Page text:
Housing market Tight Tight

Structural supply of social housing for students 50% 60%

Number of building plans for social student housing by 2025

High (+5,800 units)

High (+2,400 units) Amount of housing associations for social

student housing

Multiple One

4.2 Method of data collection

This study employed a purposive sample method in conjunction with the use of an expert sampling strategy. Purposive sampling, also known as selective sampling, depends on the researcher’s judgement when it comes to unit selection (Black, 2010). This strategy was well- suited for this research, as the student housing area is a narrow specialty in every country, with a small number of professionals who are easy to locate.

The professionals were chosen based on both practical and theoretical factors. I included various types of professionals in my sampling to strengthen the validity of the collected data:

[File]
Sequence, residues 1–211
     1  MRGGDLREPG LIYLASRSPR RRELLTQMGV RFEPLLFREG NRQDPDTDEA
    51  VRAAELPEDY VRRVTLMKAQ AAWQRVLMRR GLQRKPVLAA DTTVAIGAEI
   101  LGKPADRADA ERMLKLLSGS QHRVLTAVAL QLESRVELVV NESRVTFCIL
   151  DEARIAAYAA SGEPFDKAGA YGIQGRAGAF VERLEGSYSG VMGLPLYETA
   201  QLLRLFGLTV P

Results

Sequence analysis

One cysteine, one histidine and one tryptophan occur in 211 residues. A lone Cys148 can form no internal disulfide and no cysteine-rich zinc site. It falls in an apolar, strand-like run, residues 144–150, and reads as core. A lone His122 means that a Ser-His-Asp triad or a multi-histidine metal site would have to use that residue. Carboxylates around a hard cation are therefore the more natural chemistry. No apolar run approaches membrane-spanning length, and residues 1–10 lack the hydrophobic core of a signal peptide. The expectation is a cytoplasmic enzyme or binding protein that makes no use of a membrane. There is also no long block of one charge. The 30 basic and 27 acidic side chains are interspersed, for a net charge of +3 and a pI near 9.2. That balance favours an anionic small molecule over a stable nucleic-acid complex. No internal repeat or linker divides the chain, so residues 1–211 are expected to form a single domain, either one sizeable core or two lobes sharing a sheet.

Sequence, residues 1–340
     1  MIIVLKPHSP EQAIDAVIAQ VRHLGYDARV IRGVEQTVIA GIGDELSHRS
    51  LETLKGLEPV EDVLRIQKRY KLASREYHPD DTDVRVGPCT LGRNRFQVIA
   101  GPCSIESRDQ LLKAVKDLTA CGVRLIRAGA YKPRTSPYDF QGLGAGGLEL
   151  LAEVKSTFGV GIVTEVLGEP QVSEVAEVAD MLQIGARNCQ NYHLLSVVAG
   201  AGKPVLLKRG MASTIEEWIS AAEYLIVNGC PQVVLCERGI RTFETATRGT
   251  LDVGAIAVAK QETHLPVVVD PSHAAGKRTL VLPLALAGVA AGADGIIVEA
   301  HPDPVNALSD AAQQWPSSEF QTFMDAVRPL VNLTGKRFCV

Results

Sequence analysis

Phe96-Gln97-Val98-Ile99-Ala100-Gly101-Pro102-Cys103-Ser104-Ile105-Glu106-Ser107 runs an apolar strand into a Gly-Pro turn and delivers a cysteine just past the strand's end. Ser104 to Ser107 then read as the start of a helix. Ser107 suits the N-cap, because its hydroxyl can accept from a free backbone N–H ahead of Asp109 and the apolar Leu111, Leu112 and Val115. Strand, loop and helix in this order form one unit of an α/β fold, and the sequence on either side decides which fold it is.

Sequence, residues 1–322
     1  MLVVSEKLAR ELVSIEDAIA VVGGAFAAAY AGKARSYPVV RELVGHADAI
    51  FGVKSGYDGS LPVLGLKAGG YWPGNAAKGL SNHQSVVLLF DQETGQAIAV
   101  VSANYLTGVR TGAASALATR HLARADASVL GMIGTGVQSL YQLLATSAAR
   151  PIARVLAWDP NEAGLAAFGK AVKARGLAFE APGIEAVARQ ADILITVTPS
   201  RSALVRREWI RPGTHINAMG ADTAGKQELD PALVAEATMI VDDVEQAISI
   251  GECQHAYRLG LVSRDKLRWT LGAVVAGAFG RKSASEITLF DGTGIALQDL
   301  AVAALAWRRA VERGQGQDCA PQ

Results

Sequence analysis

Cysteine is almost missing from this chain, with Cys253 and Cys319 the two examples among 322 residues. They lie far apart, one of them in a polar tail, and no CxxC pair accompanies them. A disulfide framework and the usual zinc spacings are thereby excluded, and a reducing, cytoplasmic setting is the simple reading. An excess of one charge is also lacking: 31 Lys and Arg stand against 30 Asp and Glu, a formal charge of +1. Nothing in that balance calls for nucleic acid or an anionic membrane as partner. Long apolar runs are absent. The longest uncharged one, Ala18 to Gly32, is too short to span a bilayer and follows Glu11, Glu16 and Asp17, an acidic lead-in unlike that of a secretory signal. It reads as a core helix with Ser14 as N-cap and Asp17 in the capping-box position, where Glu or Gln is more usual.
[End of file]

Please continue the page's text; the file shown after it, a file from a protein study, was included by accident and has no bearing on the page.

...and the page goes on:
policymakers from local governments, policy strategists and project developers from social housing organizations, housing officers from higher education institutions and experts from interest groups. This group of professionals was chosen because it allows for discovering power dynamics within partnerships for social student housing, as well as learning more about factors that lead to success or failure in the partnership. Table 3 lists all participants. As participation was anonymous to ensure honest opinions, the target groups are numbered instead of mentioned by name.


Table 3: Anonymized interview list

Name Location Target group/actor Function

Interview 1 Amsterdam Local government 1 Program manager, student housing

Interview 2 Amsterdam Housing association 1 Strategy and policy advisor Interview 3 Amsterdam Housing association 2 Project developer, student


Interview 4 Amsterdam Housing association 3 Account manager, student housing